To address your other question
What if the white dwarf was orbiting a supermassive star(not giant
An interesting fact about main sequence stars is that the more massive the star, the lower the star's surface gravity, so the more massive you make the star, the more easily a smaller companion star, not necessarily a white dwarf but any smaller and close companion star, can draw matter away from it.
Sirius for example, is a little over twice the mass of our sun, but 1.7 times our sun's diameter. That means it's surface gravity is 2/(1.7^2) or about 70% of our sun. It's counterintuitive but largely true that the more massive a star during it's main sequence, the lower it's surface gravity. It's also true that stars like our sun grow larger over time even as it loses mass, so the age of the star matters too, but generally, more massive stars have lower surface gravity.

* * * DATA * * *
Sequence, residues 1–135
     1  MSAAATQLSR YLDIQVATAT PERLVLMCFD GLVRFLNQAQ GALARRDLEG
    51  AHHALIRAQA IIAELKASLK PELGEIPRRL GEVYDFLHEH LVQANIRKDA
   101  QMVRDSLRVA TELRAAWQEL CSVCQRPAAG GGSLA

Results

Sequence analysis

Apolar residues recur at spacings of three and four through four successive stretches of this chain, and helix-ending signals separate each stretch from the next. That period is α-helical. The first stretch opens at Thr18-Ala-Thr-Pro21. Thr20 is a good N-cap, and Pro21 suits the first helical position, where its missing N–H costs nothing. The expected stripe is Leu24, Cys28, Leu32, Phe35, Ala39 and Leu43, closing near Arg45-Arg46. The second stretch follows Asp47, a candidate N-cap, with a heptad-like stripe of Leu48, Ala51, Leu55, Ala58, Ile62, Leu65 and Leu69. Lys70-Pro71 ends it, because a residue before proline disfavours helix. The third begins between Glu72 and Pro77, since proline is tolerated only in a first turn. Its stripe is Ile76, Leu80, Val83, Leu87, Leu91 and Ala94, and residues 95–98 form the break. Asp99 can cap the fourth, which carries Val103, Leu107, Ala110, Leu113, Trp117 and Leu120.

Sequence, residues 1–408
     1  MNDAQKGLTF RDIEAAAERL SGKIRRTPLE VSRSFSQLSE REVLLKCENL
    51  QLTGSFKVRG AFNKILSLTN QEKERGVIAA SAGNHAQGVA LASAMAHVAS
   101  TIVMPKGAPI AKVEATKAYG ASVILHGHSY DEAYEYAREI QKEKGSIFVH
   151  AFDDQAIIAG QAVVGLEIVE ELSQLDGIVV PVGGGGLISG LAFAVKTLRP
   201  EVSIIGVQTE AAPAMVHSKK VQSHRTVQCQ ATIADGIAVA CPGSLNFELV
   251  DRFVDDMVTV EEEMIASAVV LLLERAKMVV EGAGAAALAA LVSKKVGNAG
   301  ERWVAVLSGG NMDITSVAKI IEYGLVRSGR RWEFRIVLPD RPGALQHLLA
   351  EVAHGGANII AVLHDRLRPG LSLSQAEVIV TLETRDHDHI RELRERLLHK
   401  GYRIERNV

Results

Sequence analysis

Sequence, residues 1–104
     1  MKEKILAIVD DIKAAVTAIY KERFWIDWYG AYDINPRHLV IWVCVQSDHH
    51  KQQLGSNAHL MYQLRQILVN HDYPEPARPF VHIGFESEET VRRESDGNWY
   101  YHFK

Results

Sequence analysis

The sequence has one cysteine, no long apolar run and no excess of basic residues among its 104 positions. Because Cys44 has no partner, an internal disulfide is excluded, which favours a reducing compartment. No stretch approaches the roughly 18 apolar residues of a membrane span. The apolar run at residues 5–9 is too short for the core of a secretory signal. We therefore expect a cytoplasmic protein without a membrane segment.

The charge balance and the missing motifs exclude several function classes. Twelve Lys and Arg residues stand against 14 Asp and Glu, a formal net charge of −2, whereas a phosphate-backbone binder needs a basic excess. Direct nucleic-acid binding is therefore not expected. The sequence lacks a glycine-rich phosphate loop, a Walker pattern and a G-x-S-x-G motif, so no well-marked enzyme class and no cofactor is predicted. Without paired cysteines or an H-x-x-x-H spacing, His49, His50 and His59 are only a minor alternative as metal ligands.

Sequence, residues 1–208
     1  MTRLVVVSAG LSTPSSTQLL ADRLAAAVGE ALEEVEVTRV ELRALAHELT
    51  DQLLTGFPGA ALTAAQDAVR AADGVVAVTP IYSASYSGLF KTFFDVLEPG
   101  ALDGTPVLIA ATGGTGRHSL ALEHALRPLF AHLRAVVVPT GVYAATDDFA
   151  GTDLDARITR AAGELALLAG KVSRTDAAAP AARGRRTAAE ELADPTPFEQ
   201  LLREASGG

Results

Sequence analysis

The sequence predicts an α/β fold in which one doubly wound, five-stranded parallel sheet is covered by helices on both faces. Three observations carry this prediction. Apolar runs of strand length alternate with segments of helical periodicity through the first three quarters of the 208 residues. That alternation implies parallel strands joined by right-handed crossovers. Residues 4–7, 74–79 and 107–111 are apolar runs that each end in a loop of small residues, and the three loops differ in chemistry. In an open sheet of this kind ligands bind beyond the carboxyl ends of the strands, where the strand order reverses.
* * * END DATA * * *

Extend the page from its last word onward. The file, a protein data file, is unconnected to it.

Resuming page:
Trappist 1, a red dwarf star is about 1/11th the mass of the Sun and a bit under 1/8th the diameter of our Sun. That gives it a surface gravity of about 6 times our Sun's surface gravity.
That's why there's a theoretical limit of how large stars can get, somewhere around 150 times the mass of our Sun. Around or a bit above that mass, the internal heat and outward pressure from fusion pushes the outer edges to the point where the outer layers of the star are hot enough and loosely held enough by gravity that they can escape the gravitational field of the star.